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Innovation, by Order of the Kremlin


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Russian technology entrepreneur Yevgeny Kaspersky

Yevgeny Kaspersky, a technology entrepreneur, is skeptical of Russia's plan to build a Silicon Valley-style hub.

Credit: James Hill / The New York Times

The Russian government is using Silicon Valley as a template for a new scientific city in order to cultivate a U.S.-like spirit of entrepreneurship through the commercialization of work performed at university laboratories. "The founding of the innovation city, in form and substance, could be a launching pad for the country as a whole," says project co-director Viktor F. Vekselberg. The site, once developed, is designed to nurture scientific concepts using generous tax holidays and government grants until the startups achieve profitability.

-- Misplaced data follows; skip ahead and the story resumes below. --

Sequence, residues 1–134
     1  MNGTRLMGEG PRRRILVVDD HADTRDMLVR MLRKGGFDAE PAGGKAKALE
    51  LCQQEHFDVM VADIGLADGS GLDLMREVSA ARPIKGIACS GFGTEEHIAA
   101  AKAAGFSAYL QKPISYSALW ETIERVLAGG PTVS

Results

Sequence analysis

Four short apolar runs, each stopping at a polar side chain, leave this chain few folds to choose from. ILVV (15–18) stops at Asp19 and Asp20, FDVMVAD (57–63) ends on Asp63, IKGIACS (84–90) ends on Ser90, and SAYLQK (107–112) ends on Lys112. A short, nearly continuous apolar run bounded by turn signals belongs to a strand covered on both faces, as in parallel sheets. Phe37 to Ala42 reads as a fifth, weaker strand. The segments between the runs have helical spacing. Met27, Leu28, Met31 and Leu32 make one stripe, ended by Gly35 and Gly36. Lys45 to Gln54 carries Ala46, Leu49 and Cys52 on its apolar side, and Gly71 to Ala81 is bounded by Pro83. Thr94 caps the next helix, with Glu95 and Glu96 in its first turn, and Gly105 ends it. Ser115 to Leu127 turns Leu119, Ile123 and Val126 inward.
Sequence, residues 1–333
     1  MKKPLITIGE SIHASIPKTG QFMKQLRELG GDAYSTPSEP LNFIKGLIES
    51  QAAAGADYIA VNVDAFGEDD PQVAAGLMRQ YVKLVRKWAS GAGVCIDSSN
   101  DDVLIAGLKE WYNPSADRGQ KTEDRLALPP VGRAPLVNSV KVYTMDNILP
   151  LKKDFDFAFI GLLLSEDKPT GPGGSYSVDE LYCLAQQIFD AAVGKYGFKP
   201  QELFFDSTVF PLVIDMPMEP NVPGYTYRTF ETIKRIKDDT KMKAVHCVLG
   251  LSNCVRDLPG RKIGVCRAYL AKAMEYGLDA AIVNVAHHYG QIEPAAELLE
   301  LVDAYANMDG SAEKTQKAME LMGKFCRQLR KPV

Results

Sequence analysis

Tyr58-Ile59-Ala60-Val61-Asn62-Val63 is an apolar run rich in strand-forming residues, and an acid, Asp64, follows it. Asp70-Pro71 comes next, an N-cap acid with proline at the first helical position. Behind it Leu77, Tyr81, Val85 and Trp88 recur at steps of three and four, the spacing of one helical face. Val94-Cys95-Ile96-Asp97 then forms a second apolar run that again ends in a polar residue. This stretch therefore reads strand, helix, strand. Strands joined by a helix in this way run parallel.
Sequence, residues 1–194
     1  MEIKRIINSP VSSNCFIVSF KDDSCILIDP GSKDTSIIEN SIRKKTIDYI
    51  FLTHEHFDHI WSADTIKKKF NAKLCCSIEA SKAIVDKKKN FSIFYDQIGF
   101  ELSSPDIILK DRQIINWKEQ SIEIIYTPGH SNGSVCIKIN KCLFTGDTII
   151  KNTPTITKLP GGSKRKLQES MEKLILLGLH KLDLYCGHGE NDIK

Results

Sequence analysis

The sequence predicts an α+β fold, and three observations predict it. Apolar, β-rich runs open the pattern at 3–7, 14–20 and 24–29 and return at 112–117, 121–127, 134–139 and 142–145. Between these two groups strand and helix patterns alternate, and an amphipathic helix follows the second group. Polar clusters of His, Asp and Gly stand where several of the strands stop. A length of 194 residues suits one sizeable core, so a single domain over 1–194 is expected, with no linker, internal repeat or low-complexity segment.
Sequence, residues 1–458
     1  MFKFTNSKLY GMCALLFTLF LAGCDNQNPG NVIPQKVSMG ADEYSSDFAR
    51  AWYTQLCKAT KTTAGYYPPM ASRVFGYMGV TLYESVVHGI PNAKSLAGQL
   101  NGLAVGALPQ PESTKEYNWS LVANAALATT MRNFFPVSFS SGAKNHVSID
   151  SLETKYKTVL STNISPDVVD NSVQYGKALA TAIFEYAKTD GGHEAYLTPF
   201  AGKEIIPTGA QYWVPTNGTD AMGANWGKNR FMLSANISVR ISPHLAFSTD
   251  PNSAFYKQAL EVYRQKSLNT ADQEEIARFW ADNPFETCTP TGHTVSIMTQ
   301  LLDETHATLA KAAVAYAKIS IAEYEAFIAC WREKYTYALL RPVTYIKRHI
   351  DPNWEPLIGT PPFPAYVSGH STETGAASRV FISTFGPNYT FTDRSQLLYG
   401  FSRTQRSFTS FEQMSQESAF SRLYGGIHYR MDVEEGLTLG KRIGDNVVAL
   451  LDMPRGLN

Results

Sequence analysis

The city is intended to promote five scientific priorities outlined by President Dmitri A. Medvedev—communications, biomedicine, space, nuclear power, and energy conservation—and to spur cross-disciplinary fertilization. Property will be rented rather than owned, and the government will offer grants for scientists who have difficulty securing private financing.

Vladislav Surkov, the deputy director of the Russian presidential administration, says the new site will insulate new businesses from the bureaucracy that currently stifles Russia's economy. The city will be constructed and operated by a government-funded foundation, while a scientific council will determine which companies can locate at the site.

From The New York Times
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